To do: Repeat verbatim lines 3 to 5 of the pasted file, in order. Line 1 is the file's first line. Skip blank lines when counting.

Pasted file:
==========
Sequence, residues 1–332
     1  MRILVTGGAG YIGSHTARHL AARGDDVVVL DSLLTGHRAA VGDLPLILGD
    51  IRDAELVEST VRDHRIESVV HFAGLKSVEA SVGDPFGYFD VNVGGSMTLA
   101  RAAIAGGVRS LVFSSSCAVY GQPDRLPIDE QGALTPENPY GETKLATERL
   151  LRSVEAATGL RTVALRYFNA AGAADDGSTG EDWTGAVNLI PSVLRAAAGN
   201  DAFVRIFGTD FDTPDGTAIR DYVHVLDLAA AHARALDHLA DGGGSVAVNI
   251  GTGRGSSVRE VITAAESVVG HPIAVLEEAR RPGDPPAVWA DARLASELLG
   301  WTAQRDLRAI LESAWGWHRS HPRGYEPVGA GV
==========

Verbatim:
    51  IRDAELVEST VRDHRIESVV HFAGLKSVEA SVGDPFGYFD VNVGGSMTLA
   101  RAAIAGGVRS LVFSSSCAVY GQPDRLPIDE QGALTPENPY GETKLATERL
   151  LRSVEAATGL RTVALRYFNA AGAADDGSTG EDWTGAVNLI PSVLRAAAGN